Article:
Reflections on a Legal HackathonOn Apr 19, 2012 Tags: copynight, hackathon, HackTheAct, Law Mob NYC, LegalHack
It finally happened. After months of preparation, BLIP held the first of many legal hackathons here at Brooklyn Law School. The day was filled with explorations into all aspects of what it means to collaboratively create solutions to nascent law and policy issues: panels, workshops, discussions, break-out sessions, and tons of questions. We got so much Twitter traffic during our panels, #LegalHack started trending across the USA (and the porn bots inevitably got wind of the publicity).
Fortunately, our little event was met with great reviews and awesome coverage.
Unfortunately, the first legal hackathon only scratched the surface.
Our morning keynotes set the stage for what we were trying to do over the course of the day. One of Tim Wu’s comments, in particular, rang true with many participants. When asked how law could keep pace with technology, Wu challenged the premise. Wu said (as reported by our friend Laure at CopyNight NYC), ”It’s not law’s job to keep pace with technology. Law should be slow, it should restrain power.” Andrew Rasiej expressed a complementary sentiment shortly before Wu spoke. Government 2.0 is not the solution to a broken system, said Rasiej; people are.
Our afternoon workshops took these philosophies to heart. Rather than discussing the problems of a gameable DMCA takedown regime, we put the issues to the people and attempted to seek out solutions that straddle the line between crafting law and hacking tech. Our porn troll workshop was especially productive: Amanda Levendowski from the WikiMedia Foundation led a dozen or so eager legal hackers in a breakout session on how to implement a crowdsourced, granularized legal space to distribute the burden of work otherwise impossible to tackle for a single EFF staffer. We look forward to learning more about that project, called Law Mob NYC.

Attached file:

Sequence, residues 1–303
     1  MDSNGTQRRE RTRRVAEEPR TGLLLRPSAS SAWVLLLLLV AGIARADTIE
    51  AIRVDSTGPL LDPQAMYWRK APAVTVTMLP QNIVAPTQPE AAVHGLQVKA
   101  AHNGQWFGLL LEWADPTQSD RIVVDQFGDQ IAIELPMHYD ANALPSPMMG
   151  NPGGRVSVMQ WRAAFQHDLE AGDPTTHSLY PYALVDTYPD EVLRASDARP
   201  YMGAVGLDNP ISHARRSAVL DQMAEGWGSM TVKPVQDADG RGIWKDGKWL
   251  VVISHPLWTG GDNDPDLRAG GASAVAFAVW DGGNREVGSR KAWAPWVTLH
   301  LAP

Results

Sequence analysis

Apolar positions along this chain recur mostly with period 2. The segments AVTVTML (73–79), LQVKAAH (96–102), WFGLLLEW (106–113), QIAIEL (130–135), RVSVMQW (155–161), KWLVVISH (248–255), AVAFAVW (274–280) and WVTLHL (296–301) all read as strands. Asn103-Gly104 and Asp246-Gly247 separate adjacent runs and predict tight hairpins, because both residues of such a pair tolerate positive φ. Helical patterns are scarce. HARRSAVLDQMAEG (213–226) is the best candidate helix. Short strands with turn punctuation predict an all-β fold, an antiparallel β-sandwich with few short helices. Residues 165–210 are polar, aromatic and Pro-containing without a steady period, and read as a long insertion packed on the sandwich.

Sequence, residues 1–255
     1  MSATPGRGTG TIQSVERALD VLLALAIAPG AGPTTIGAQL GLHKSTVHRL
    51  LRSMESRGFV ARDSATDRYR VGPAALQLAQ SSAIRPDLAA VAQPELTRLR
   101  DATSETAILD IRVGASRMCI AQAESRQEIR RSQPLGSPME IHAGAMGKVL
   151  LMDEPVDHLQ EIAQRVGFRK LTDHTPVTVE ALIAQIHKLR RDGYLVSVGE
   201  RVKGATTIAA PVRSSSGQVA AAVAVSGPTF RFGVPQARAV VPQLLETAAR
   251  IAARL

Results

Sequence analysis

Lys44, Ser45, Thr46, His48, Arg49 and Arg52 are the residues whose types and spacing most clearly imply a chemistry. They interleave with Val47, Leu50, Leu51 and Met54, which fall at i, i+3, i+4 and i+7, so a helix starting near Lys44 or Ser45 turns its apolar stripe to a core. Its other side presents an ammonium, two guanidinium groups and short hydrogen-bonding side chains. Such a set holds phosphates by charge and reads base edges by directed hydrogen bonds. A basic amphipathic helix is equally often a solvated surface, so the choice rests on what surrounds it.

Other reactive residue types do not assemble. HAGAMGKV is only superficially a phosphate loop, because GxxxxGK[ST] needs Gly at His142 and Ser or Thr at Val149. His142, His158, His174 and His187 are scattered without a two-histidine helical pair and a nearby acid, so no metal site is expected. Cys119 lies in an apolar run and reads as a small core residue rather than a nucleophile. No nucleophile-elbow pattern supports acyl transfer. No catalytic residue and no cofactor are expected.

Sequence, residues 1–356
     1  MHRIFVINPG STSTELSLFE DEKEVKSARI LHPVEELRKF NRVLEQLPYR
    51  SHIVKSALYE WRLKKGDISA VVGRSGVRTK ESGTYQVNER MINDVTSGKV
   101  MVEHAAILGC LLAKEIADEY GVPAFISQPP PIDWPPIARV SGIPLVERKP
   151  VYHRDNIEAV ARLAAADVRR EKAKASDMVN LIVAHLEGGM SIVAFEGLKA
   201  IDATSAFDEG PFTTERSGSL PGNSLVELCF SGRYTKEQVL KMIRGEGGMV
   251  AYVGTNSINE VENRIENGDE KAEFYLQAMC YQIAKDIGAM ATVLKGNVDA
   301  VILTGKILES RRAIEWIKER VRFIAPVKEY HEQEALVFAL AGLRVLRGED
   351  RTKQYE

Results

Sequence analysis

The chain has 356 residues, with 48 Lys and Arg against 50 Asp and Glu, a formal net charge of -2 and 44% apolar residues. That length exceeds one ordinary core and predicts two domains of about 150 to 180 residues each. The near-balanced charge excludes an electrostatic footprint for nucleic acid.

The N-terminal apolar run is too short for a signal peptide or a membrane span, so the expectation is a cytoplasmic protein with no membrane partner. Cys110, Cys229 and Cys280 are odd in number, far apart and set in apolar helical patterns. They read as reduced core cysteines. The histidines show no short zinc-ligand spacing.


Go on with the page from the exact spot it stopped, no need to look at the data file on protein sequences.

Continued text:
The attendees at our hackathon were clearly passionate about the concept we were introducing. But we recognize that there may have been more “athon”ing than hacking; more lectures than workshops; and more ideation than construction. Alas, these are the risks of being in perpetual beta—we never know quite how our ideas play out in reality. To be sure, our legal hackathon wasn’t truly a hackathon. Rather, it was an introduction to an ethos, a method to improve existing legal regimes in innovative ways. As such, we’ve only begun our journey.
We look forward to the submissions we hope to receive in the next few days for our #HackTheAct competition. And we especially look forward to continuing to develop this concept. Thank you all who attended, and we will see you next year at a bigger and better NYC Legal Hackathon.
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